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Title: Temporal and spatial genetic variability among tarnished plant bug, Lygus lineolaris (Hemiptera: Mididae)population in a small geographic area

item Perera, Omaththage
item GORE, JEFFRY - Mississippi State Extension Service
item Snodgrass, Gordon
item JACKSON, RYAN - Syngenta
item Allen, Clint
item Abel, Craig
item Luttrell, Randall

Submitted to: Annals of the Entomological Society of America
Publication Type: Peer Reviewed Journal
Publication Acceptance Date: 12/5/2014
Publication Date: 1/2/2015
Publication URL:
Citation: Perera, O.P., Gore, J., Snodgrass, G.L., Jackson, R., Allen, K.C., Abel, C.A., Luttrell, R.G. 2015. Temporal and spatial genetic variability among tarnished plant bug, Lygus lineolaris (Hemiptera: Mididae)population in a small geographic area. Annals of the Entomological Society of America. 1-12 DOI: 10.1093/aesa/sau016.

Interpretive Summary: Five tarnished plant bug populations in an approximately 15 km transect near Stoneville, MS, USA were sampled in May, July, and September of 2006. The samples from the populations were analyzed with 13 polymorphic genetic markers (microsatellites). Statistical genetic analyses indicated that these populations formed two distinct genetic clusters. Early season populations consisted of predominantly genetic cluster 1 insects, while genetic cluster 2 insects were predominant in the populations collected in September. Additional analyses revealed the study populations had been subjected to bottlenecks, possibly due to insecticide sprays and diapause during winter months. Random genetic drift, uneven gene flow, and genetic structure may have played a major role in the genetic differentiation observed in the tarnished plant bug populations.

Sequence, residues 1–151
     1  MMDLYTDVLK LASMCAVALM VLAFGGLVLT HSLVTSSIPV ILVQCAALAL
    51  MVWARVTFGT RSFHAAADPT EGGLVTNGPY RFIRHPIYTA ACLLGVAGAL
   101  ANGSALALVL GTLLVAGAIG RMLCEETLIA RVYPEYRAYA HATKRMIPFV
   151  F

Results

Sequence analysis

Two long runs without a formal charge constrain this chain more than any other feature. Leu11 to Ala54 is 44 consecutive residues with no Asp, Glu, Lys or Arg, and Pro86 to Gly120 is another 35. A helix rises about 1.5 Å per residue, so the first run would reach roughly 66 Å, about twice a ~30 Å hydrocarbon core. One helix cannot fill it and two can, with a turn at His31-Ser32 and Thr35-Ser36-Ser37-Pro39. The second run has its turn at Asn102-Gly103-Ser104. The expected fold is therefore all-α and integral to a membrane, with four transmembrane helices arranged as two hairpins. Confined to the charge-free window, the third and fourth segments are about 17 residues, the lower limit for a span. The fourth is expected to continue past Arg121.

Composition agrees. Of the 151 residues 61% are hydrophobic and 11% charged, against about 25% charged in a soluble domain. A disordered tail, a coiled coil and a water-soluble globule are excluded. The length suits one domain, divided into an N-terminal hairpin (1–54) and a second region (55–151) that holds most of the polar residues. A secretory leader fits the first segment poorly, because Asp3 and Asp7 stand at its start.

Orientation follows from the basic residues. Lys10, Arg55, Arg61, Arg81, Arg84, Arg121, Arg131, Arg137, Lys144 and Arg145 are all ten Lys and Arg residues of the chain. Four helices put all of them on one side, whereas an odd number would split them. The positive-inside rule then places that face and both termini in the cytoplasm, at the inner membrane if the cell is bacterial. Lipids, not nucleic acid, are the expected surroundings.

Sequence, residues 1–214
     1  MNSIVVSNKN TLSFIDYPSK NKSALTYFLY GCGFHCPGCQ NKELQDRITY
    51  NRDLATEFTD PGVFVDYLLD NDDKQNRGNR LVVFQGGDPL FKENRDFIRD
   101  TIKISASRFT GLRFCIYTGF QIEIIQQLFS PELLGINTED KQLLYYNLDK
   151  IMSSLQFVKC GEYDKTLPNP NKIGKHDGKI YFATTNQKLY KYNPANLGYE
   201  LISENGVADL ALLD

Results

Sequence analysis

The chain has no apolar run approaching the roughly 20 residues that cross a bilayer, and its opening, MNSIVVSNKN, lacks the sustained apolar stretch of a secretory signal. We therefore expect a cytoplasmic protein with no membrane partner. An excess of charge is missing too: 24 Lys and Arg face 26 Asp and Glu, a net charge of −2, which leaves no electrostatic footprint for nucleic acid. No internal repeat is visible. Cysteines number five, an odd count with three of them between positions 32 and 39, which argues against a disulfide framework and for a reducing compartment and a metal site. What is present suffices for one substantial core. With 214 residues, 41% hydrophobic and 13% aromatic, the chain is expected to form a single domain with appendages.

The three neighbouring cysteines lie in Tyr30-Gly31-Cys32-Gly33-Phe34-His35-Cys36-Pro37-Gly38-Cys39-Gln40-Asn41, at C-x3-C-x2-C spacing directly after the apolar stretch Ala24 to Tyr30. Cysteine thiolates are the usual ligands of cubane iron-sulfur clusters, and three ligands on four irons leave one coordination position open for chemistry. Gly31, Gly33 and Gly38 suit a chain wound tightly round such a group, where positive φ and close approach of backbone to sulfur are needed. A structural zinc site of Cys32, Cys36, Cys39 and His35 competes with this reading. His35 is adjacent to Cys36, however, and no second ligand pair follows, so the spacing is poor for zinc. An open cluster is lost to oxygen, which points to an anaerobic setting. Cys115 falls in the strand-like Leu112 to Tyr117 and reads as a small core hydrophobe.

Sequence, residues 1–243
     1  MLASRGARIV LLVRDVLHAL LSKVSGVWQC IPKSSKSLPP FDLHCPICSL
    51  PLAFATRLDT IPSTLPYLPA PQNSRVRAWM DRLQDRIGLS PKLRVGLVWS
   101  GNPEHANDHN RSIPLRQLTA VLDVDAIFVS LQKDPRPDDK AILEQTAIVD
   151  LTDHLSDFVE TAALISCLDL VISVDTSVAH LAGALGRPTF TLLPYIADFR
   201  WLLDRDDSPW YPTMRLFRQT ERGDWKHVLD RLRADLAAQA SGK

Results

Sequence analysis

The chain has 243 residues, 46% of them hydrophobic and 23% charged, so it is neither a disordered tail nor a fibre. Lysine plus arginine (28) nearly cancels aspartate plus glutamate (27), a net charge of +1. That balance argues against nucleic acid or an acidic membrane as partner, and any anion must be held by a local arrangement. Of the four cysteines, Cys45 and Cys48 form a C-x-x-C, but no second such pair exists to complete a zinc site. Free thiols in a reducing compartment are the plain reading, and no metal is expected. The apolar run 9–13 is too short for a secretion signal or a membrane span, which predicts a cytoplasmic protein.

Technical Abstract: Lygus lineolaris (Palisot de Beauvois) populations were sampled from five locations near Stoneville, MS, USA at three time points in May, July, and September 2006. Genotype data obtained from 1418 insects using 13 microsatellite markers were analyzed using standard methods to obtain population genetic parameters such as inbreeding coefficients, gene flow, and linkage disequilibrium. Analysis of molecular variance (AMOVA), Bayesian analyses, and factorial correspondence analysis (FCA) were carried out to evaluate the tarnished plant bug populations for genetic structure. The total number of alleles per locus across all populations ranged from 9 to 25 and the average allelic richness calculated by rarefaction across all loci ranged from 3.0 to 3.46. The populations also had low Garza-Williamson indices (M values) ranging from 0.283±0.126 to 0.524±0.260, which indicated a population bottleneck. Deviations from Hardy-Weinberg equilibrium (HWE) and linkage disequilibrium at some loci in some populations may have indicated selection at some loci. Bayesian simulations using STRUCTURE software and the FCA analysis indicated the presence of two genetic clusters in all 15 collections and a temporal shift was observed in the proportion of tarnished plant bugs in the two genetic clusters. Collections made in May 2006 had a high proportion of cluster 1 genotypes (except for the collection B1) and those collected in September had a high proportion of cluster 2 genotypes. Statistical genetics analyses indicated significant differences among and between collections made at different time points, especially between the collections with high proportions of cluster 1 genotypes and cluster 2 genotypes. While random genetic drift and gene flow may have contributed to the seasonal variations observed in the study populations, selection by many insecticide sprays applied in 2005-2006 to control tarnished plant bugs on cotton could also have played a significant role in the temporal variation in genetic structure observed in the tarnished plant bug populations.